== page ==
The first time I started shooting through the windshield, then sticking my head and camera outside the window of the vehicle in which we were traveling, The Husband was incredulous. “What are you doing?”, he asked (the tone of voice said it all). I told him that I was preparing to enter the aerial photography field. He just chuckled and shook his head. In case you have the same reaction, I do have some reasons for this behavior: a. I love taking pictures; b. it helps me practice basic skills without interference from that nasty inner critic; and c. It is a better way to spend travel time than playing the license plate game.
Not surprisingly, most of the shots I take from the car end up in cyberspace. The point of shooting from a moving vehicle was never about making the best possible landscape pictures. (I have my eccentricities, but I’m not that far out there.) I use the time to acquire a better command of camera controls and train my eye to more quickly recognize pleasing compositions.
Those sessions worked for me, because they freed me to step outside my comfort zones. For instance, I couldn’t take a lot of time to think about a shot. The moments were flying by and the circumstances forced me to quickly commit to choices. From the beginning, I had the sense to pursue these exercises with minimal expectations of keepers and all that experimenting, then deleting, toughened me a bit to see shots that didn’t work as just part of the learning process, rather than failures. Early on, I learned that the more I invested in a shot, the more the disappointments hurt. Sometimes the pain would be enough to temporarily shut me down. In other words, after viewing my results, I would put the camera down for a while and fritter away valuable time while my wounds healed. By shooting wild and loose, on the fly, I tricked myself into exploration rather than chasing success.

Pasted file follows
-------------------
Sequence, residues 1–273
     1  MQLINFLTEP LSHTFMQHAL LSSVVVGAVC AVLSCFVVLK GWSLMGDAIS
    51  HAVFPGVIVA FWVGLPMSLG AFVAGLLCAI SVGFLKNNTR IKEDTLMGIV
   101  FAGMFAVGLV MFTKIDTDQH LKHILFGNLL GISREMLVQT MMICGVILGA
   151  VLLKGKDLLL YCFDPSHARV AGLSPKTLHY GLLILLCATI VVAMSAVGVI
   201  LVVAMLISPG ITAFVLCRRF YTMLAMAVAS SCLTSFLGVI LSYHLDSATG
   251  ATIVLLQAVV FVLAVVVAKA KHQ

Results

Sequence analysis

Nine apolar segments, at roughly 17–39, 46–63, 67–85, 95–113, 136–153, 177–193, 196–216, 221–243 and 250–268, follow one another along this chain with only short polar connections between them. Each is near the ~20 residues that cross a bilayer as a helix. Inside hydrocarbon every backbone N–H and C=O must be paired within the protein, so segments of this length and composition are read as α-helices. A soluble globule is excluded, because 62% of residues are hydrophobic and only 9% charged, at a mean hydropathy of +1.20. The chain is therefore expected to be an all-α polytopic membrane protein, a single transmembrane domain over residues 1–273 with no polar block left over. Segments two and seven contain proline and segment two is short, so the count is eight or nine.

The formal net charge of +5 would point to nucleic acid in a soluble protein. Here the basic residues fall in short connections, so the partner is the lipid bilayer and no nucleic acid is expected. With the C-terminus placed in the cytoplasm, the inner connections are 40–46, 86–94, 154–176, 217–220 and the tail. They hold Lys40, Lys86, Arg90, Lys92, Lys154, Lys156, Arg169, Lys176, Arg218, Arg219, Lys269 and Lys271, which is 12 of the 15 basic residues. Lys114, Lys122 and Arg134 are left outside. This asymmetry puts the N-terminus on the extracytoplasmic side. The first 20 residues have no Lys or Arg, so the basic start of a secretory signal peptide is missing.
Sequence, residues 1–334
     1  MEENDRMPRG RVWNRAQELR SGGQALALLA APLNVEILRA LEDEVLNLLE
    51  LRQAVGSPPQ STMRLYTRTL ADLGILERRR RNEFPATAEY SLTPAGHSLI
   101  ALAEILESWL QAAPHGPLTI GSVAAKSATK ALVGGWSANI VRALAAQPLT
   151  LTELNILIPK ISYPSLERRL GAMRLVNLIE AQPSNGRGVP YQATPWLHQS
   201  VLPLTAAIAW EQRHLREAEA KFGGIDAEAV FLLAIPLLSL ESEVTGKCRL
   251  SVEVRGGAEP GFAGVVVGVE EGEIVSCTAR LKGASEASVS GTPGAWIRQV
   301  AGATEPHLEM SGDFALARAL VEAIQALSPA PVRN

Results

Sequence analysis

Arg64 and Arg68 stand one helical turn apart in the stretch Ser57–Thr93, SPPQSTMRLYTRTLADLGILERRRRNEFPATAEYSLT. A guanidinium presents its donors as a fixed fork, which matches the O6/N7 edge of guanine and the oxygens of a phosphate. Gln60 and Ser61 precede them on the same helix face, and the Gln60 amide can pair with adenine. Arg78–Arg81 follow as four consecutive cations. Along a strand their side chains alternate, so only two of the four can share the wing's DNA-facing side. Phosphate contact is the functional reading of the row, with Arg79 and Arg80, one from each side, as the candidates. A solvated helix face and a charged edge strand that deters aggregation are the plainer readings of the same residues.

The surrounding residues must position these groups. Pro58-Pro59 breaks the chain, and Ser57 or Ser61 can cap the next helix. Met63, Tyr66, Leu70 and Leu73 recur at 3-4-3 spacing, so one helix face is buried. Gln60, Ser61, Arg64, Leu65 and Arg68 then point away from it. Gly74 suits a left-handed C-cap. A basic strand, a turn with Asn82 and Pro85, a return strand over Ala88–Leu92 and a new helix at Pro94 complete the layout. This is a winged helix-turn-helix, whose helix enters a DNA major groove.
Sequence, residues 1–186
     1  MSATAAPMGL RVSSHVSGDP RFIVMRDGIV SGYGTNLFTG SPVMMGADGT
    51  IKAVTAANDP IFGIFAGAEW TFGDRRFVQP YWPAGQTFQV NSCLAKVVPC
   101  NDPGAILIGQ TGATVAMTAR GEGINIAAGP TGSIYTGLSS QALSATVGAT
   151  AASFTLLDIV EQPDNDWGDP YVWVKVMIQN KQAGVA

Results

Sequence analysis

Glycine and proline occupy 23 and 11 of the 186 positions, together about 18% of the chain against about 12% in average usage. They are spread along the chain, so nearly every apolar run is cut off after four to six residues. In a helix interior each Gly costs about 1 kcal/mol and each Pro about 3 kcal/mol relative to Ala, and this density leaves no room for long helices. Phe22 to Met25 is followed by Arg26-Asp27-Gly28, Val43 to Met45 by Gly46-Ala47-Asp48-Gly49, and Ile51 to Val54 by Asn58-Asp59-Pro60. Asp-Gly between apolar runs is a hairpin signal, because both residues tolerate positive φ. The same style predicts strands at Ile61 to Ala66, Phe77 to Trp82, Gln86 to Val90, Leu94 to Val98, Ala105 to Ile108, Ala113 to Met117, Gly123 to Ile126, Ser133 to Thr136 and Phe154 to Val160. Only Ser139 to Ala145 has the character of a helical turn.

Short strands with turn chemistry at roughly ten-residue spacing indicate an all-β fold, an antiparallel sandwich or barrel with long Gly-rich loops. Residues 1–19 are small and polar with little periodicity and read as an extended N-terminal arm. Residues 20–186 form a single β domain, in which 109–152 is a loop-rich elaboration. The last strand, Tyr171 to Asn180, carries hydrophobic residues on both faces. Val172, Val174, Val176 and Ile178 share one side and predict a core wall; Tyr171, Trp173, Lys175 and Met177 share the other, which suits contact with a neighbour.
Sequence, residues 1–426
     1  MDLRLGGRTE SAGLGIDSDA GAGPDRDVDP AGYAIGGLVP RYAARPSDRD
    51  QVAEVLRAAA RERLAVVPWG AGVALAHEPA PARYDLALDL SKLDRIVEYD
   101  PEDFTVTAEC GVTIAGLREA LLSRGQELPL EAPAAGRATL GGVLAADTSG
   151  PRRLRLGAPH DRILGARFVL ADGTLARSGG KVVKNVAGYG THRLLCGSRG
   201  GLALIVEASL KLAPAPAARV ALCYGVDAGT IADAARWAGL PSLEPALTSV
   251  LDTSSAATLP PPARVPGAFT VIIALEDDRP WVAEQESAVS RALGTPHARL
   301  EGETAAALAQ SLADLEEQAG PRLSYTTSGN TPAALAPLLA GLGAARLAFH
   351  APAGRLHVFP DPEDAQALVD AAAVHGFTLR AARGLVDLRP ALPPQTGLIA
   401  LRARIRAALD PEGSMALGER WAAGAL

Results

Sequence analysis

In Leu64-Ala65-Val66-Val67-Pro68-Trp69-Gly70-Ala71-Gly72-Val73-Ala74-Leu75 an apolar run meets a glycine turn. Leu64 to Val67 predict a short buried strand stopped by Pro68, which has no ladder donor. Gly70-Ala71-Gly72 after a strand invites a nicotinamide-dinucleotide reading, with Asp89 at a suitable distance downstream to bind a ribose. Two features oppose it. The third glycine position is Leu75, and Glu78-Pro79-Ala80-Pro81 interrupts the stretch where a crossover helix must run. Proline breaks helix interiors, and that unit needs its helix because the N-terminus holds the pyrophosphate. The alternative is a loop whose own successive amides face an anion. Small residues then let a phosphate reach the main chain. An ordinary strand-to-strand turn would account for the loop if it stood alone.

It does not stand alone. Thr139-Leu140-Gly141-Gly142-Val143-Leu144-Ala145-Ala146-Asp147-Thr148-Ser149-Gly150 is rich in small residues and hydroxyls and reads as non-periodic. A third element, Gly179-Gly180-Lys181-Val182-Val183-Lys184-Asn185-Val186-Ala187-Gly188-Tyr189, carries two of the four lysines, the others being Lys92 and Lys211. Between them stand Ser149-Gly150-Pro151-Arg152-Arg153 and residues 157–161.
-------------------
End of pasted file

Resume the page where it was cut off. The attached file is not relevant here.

Clearly, I’m not saying that my approach is right for everyone, but it was beneficial to me. I needed a means of dealing with my personal blocks, and this was one of the things that helped me. (I wish I could say that I had totally stifled the voice of that inner critic, but I can only plug away at it.) The bonus of this playing is that, periodically, I am surprised by a shot that I like quite a lot. (Even a blind squirrel finds a nut once in a while, right?) Occasionally, a shot serves primarily as a reminder of a location that I want to revisit and photograph under better circumstances. (The photo above falls in that category.) More often, even the best of the losers are nothing more than pleasant little reminders of the scenery we have enjoyed while traveling. Still, even that is not entirely worthless.
Since I use drive-by photography for experimenting or playing, I don’t have any rules, but these are my general guidelines:
1. I only shoot when I am the passenger. Come to think of it, that one is a rule for me. I know some photographers shoot from the driver’s seat, but I know my limits, too well.
2. I always remind myself that I will discard most of what I shoot from a moving vehicle.
3. I frequently shoot through the front windshield. (This is a great motivation for keeping that windshield clean.) Yes, the windshield is another contributor to degraded image quality. But, shooting out the side window means you have to be more careful to avoid anything close to the vehicle. Even at high shutter speeds, you risk getting shots that are a partially blurred mess. (That being said, if you like the blur effect, you can have a blast shooting this way. On a couple of occasions, I played with this and got some fun pictures not to mention some great material for backgrounds.
So, there you have the confessions of a drive-by photographer. A woman who unashamedly squanders pixels and abuses digital shutter releases to selfishly shoot experimental photos destined for destruction. Just one more sad, but true story.